Glanbia predicts positive year as milk markets evolve

By staff reporter

- Last updated on GMT

Related tags Glanbia Milk Joint venture

Glanbia expects to report a positive performance for 2007 driven
largely by its food ingredients, global nutrition businesses, and
increased demand for dairy products on the global scence.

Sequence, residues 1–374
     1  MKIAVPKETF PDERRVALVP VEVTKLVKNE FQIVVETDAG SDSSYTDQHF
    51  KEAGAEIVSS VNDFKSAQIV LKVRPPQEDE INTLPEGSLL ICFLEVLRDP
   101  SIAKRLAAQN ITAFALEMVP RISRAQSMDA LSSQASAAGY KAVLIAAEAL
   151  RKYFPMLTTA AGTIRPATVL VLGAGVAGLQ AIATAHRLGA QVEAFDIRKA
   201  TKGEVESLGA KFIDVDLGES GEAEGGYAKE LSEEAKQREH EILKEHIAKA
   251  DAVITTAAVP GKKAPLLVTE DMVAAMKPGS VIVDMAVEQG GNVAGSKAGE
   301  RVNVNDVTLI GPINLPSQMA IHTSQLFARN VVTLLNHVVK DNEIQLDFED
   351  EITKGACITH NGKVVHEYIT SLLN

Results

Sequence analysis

The Irish dairy and ingredients firm will report its 2007 results on March 5, but in a trading statement issued today it said the performance had been "very satisfactory".​ Group managing director John Moloney said this was driven as a consequence of the spread of businesses across the group and a positive market environment. "Whilst global dairy markets continue to evolve as we enter 2008, the outlook for Glanbia this year is positive,"​ he said. "As a group we are continuing to invest and focus on growth and innovation, combined with competitiveness and productivity, and Glanbia is placed for sustained double digit growth going forward."​ In August, when the group reported its half year results, group earnings were seen to have risen some 13 per cent to €1,040.3m. Earnings per share were up 26 per cent to 11.47 c. At that time Glanbia revised its earnings guidance per share to the "high teens" for the full year. Operating profit at the half was mark was seen to have increased 33 per cent to €48.5m on the prior year period. Ingredients and nutritionals activities play an important part in Glanbia's strategy of diversifying its earnings base towards higher-value ingredients. In nutritionals this year it has been able to count a full twelve month contribution from Californian nutritional business Seltzer Companies, which it acquired in mid 2006 for $105m (€81.8m). This move enabling it to establish an integrated nutritional formulation presence across the US and Europe. However has not been all sunshine and roses across the whole group: consumer foods was said to have had a challenging year, and performance will be below that of 2006. In 2007 the liquid milk and chilled foods sectors were affected by a time lag in recovering price increases for raw materials, but the group says it has initiatives planned and already in place to recover the cost increases this year. Likewise, Glanbia said its international joint ventures' performance would be below that of 2006 increases - although the gap was narrowed somewhat in the second half of the year. The UK Glanbia Cheese joint venture had a difficult first half with margin pressure applied by high dairy prices. While cheese prices are to increase as a result, there will be a time lag before this can be realised. Southwest Cheese in New Mexico also experienced margin squeeze, but at half year Glanbia said it should just break even in full year. Glanbia's Nigerian JV with PZ Cussons is also suffering with timing issues for passing on raw material costs. The pigmeat business also took a hit when its factory in Edenderry, Co Offaly, Ireland, was gutted by fire in August. At the same time, worldwide markets for such products proved to be tough.

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